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No VC‘s for Afghanistan

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Secret medals for unsung heroes of the SAS and SBS
By Michael Smith, Defence Correspondent
(Filed: 29/10/2002) The Telegraph

Special Air Service (SAS) and Special Boat Service (SBS) troops hailed for their bravery
in operations against al-Qa‘eda and Taliban fighters during the war in Afghanistan have won a dozen top military gallantry awards.

Members of the SAS, SBS and the Royal Air Force squadrons that fly their
aircraft are awarded four Conspicuous Gallantry Crosses, five Military
Crosses and three Distinguished Flying Crosses today.

The list of those honoured for their work in Afghanistan also includes
British diplomats, at least one of whom is believed to have been a member of

Britain‘s secret service used a number of agents originally developed during
the Soviet occupation of Afghanistan in the complex negotiations that led to
the rapid demise of the Taliban regime in northern Afghanistan.

Gen John McColl, who commanded the International Security Assistance Force
in Kabul is awarded the Distinguished Service Order for his handling of the
interim Afghan government.

None of the members of the SAS, SBS, or the RAF‘s 7 and 47 Sqns is named in
today‘s announcement, which gives details of all awards to ordinary
servicemen and women before ending with an anonymous list of "other honours
awarded" to cover the special forces.

It was initially thought that at least two of the SAS troops would be
awarded the Victoria Cross and although there are four CGCs, the next
highest award, the lack of a VC will be seen by members of the SAS and SBS
as evidence that whatever they do they are unlikely to receive the highest
award for gallantry.

The servicemen involved were warned earlier this year that they would not be
receiving the VC despite the fact that their deeds clearly qualified under
any sensible interpretation of the criteria.

The warrant for the VC makes only two immutable stipulations: that the
recipient shows conspicuous bravery or devotion to his country in the
presence of the enemy; and that there should be "conclusive proofs".

Over the years, the latter has been taken to mean that the act of courage
should be witnessed by a superior officer, something that is much less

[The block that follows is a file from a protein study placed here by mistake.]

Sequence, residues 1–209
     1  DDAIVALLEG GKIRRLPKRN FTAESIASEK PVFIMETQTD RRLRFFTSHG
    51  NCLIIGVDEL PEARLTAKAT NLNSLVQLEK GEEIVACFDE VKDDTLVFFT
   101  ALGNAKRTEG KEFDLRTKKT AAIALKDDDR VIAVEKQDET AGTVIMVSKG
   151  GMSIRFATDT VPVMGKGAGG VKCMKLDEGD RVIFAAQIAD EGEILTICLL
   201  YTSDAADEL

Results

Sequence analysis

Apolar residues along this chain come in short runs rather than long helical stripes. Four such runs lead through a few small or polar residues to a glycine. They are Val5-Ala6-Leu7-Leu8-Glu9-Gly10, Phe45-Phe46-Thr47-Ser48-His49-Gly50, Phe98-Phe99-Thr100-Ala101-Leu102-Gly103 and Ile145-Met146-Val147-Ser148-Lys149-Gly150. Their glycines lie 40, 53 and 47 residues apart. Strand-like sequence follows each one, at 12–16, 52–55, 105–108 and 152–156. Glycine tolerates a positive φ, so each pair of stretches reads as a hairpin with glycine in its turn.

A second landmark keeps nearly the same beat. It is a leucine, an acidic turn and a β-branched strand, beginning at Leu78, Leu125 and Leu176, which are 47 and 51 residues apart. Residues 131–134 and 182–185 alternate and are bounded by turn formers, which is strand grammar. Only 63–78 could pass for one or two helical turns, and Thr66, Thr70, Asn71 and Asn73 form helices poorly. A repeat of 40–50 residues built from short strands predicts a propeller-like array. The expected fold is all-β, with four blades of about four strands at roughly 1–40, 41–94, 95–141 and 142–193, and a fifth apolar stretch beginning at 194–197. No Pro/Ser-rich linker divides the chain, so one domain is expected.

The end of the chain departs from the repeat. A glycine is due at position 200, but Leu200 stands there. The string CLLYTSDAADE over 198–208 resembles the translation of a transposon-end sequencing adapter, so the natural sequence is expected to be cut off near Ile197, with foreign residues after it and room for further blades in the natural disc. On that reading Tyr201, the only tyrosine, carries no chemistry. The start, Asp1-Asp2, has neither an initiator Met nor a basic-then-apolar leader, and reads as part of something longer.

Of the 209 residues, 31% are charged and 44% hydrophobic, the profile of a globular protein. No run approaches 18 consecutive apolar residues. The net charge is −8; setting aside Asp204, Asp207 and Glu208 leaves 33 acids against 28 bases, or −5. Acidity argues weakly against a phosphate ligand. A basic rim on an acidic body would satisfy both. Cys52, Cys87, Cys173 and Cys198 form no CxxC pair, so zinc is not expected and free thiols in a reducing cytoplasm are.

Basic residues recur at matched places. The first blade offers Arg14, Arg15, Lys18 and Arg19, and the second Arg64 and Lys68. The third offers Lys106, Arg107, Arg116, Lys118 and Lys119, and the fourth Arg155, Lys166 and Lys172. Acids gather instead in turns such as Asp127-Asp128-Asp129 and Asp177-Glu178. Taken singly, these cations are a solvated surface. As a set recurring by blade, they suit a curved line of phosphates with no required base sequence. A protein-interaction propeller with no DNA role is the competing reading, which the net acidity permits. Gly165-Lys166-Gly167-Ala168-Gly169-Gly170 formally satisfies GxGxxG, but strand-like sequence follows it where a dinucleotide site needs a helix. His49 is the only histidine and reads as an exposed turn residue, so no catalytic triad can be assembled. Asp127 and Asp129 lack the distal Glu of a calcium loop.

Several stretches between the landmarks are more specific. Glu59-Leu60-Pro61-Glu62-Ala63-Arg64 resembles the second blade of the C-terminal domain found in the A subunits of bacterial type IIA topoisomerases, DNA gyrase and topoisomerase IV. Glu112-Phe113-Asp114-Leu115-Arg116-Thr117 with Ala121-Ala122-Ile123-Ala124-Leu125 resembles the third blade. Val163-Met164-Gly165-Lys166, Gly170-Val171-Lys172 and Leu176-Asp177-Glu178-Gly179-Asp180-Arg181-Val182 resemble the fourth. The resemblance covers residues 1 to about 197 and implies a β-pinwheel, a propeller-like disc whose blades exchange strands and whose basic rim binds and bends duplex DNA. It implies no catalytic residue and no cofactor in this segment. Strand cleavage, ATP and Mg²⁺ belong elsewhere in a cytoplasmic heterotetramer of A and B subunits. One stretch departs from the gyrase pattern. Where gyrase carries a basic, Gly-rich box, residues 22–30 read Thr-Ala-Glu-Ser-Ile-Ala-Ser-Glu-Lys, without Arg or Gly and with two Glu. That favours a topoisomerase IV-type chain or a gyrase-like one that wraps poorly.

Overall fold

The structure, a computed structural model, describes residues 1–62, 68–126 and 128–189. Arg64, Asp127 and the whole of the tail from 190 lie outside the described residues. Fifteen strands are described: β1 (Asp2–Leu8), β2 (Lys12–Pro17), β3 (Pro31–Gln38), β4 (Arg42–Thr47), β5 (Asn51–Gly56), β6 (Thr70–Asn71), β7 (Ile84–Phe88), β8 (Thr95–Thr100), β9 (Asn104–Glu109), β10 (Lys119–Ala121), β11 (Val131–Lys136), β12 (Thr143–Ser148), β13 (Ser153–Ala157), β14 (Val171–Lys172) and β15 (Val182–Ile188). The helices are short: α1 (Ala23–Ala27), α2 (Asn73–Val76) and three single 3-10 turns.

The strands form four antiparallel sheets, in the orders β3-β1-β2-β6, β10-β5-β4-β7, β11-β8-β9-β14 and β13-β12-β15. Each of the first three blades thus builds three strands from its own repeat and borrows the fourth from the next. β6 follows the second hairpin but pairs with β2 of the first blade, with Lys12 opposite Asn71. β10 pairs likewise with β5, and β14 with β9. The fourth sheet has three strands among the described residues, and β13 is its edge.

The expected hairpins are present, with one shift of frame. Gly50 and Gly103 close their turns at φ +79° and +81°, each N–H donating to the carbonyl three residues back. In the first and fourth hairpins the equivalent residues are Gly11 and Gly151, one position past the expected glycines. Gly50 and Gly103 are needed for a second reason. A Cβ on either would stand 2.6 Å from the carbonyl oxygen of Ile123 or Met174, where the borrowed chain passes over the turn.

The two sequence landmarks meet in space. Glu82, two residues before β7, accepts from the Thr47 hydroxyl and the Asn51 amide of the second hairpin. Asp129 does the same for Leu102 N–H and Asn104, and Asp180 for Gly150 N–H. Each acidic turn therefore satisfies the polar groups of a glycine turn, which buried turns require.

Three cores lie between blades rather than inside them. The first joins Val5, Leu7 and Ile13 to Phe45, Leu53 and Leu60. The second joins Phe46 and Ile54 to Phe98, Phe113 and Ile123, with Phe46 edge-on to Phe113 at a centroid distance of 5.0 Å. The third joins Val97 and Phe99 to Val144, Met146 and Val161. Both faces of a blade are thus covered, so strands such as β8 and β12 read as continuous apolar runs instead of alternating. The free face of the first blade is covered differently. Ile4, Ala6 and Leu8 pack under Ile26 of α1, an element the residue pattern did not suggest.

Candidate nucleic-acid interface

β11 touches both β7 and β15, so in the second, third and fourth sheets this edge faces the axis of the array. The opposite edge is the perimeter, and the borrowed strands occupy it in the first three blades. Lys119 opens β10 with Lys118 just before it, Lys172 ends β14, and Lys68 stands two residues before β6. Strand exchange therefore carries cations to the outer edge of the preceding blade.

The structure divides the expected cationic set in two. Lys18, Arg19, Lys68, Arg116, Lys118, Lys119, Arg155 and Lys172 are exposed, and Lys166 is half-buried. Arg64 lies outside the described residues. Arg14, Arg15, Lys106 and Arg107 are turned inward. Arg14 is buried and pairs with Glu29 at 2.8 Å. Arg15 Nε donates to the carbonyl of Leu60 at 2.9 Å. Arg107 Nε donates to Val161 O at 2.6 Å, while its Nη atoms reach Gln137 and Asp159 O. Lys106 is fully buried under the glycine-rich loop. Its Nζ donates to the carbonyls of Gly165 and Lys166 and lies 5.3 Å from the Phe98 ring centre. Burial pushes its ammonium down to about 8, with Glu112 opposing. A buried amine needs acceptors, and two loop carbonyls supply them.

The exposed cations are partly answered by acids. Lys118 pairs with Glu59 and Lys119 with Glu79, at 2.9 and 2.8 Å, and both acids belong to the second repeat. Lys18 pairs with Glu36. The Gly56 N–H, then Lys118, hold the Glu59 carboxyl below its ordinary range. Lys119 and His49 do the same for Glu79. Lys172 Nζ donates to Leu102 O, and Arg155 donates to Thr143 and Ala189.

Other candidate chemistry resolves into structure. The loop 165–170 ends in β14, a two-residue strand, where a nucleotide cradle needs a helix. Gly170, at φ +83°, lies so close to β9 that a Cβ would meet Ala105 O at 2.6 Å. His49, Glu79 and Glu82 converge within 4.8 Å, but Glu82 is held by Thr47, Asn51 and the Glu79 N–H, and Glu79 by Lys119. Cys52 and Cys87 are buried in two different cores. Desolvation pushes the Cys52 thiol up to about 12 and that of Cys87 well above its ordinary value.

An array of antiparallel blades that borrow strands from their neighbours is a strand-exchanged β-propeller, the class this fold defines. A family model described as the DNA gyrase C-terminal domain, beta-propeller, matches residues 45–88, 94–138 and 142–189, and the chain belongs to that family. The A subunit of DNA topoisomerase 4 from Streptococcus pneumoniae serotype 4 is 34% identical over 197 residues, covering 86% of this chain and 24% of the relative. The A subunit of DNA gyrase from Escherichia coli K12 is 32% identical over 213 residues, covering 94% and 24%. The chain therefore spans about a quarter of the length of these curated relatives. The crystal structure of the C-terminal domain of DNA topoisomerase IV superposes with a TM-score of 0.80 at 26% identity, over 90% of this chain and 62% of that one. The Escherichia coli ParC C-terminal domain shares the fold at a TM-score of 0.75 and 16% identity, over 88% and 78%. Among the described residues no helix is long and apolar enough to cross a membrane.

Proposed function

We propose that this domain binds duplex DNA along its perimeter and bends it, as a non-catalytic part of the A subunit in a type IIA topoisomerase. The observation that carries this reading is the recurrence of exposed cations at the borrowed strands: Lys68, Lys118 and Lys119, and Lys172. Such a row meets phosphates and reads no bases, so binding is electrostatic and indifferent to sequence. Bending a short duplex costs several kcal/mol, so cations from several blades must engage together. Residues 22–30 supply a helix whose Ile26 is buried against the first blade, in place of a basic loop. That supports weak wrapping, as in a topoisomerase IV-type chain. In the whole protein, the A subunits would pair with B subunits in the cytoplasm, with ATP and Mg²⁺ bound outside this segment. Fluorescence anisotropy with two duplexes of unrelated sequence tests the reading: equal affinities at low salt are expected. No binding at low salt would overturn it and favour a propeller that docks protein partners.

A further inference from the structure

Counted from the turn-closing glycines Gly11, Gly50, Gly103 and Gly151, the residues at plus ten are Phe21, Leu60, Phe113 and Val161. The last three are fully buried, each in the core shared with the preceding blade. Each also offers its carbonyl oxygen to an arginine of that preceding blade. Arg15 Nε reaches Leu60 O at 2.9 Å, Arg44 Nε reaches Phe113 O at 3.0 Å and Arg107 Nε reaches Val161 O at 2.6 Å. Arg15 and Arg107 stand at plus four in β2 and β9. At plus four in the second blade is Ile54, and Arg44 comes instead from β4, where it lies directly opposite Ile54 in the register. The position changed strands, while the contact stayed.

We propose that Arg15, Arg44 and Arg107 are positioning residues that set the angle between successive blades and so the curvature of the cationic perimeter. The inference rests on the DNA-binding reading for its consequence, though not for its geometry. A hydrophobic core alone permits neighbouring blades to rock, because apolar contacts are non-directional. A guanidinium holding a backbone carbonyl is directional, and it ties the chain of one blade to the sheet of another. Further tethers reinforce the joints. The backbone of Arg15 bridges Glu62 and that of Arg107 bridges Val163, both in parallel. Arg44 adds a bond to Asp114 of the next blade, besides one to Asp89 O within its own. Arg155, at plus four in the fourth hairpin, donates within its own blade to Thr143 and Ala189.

likely to happen in a special forces operation than in conventional warfare.

One special forces source said that there had long been a general acceptance
at the SAS headquarters in Hereford that members of the regiment were
unlikely to receive the VC.

The two members of the SAS who were initially expected to receive the VC
were involved in an assault on an al-Qa‘eda cave system last November in
which four members of the SAS were wounded.

One was the sergeant major who led the operation by a complete squadron of
about 60 men to take the caves in which al-Qa‘eda terrorists were hiding and
was himself wounded.

The other member of the SAS who was expected to receive the VC was at the
other end of the cave complex waiting to bring down direct air attacks on
any terrorists attempting to escape.

He is to receive his honour because he waited so long before ordering in the
air attack that he was wounded by, and risked being killed by, the allied

At least one member of the SBS was also thought to be in line for a VC. The SBS senior NCO led a patrol of half a dozen SBS commandos who rescued a CIA officer from the Qala-i-Jangi prison near Mazar-i-Sharif in November last year.

TO SAY THE TROOPS ARE NOT HAPPY IS PUTTING IT MILDLY. The considered opinion within both regiments is that the Prime Minister (Tony Blair) has stepped in to downgrade the three recommendations for the Victoria Cross, in all three cases the recommendation for each is without a doubt of the degree of courage and leadership of soldiers which is required of the VC - unfortunately all three men are alive - it would have been much more politically correct if they had been killed and the award could then have been gazetted posthumerously!!!

Jock in Sydney